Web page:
Just over ten years ago I was in the crisis control centre at one of the UK's largest companies. My agency then was working with their board on a major crisis response exercise (funnily enough, the scenario was a pandemic).

I expected glass walls and big screens. In reality it was a small airless room in the basement, with a telephone, a whiteboard and a fax machine.

But, of course, it's not gadgets streaming data into a hi-tech room that matter in a crisis. What matters really is the leader themselves. Their character, their values, and their motivations — and from these, their ability to face up to bad news.

Bad leaders want to be popular, shying away from bad news. It's not really a crisis. If it is, it'll all be over soon. And if it goes on longer we'll just start pretending it's fine. Hurrah!

But the repeated knock-backs from false hopes meeting hard reality are what gradually breaks the spirit of those they lead.

Good leaders don't care about being popular, they care about ensuring the best outcome. In a crisis good leaders tell the bad news straight, pulling no punches. Then they show how we can improve on that situation through collective effort, acting as a whole for the benefit of everyone. They are honest about how hard that will be, how long it will take, and that there'll be setbacks. They inspire genuine hope for a better future, even though that is further away.

Good leaders know that trust is the currency of leadership, not popularity.

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So, as some national leaders now seek to get 'back to normal' even as the pandemic enters a new wave, agency leaders will have to take the big decisions on their own shoulders that were previously laws and rules to be followed. What is safe really? How will we run things but still protect people? How can I support and look after my team?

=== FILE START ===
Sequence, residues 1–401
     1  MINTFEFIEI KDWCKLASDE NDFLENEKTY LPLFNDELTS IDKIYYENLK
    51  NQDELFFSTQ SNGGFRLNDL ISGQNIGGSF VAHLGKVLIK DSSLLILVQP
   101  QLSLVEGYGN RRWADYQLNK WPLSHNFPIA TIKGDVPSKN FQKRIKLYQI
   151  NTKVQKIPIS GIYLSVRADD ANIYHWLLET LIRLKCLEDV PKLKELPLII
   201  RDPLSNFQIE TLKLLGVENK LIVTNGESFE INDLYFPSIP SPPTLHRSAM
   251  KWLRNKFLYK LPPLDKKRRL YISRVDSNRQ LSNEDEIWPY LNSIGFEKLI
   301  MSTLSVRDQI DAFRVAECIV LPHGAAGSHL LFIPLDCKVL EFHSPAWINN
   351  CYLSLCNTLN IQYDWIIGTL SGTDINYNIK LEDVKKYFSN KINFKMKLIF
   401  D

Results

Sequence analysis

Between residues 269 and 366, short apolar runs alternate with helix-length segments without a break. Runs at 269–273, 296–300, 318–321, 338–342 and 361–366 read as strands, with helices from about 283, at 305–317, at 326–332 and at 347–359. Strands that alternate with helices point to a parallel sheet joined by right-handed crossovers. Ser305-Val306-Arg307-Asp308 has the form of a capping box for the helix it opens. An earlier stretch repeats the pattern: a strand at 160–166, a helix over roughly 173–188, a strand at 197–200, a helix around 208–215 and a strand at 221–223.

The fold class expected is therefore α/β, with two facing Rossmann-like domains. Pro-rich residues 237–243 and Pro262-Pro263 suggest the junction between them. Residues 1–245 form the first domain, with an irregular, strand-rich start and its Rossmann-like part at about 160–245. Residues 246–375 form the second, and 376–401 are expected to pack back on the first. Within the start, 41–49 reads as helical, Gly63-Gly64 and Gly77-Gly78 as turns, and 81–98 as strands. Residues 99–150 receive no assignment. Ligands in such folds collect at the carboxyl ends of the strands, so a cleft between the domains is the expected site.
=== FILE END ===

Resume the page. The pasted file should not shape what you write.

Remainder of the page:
In all these hard decisions, if we face up to bad news and act to build trust rather than popularity, we will be better leaders.

It's hard being a leader in these times — but this is when leadership is most needed. You've got this.


Last week I ran two of our workshop sessions. One on Healthy Agency Finances, and the other on Agency Positioning. It was brilliant to see agency leaders really click with the ideas and determined to put them into action. I love that energy and enthusiasm when founders get together and have a chance to work on their businesses. Our next workshops are coming up, and you can find details here: https://www.eventbrite.co.uk/o/convivio-19900773052

(Feedback from one delegate already: "I really enjoyed the training and I got a ton of value.")


We're launching a podcast for agency leaders. The focus will be on how to work on your agency as confidently and effectively as you work in it. Each episode we'll interview agency leaders, we'll share our experience, research and ideas. You can subscribe in your favourite podcast app now, so you get the first episode as soon as it's out: https://podcast.convivio.com/subscribe


Are you ready for Talent Turbulence or The Age of Unrest? These are two of the themes that emerged in our Agency Radar Report. Twice-yearly it maps out the key issues agency leaders need to consider in their strategic planning, and seeks to identify themes and trends. The first edition is out now and will be invaluable in planning for a challenging few years ahead: https://www.agencyradar.io/radar/

The report is available individually, but it's better value to subscribe to Agency Radar's premium level where it's included along with a lot of other useful briefings.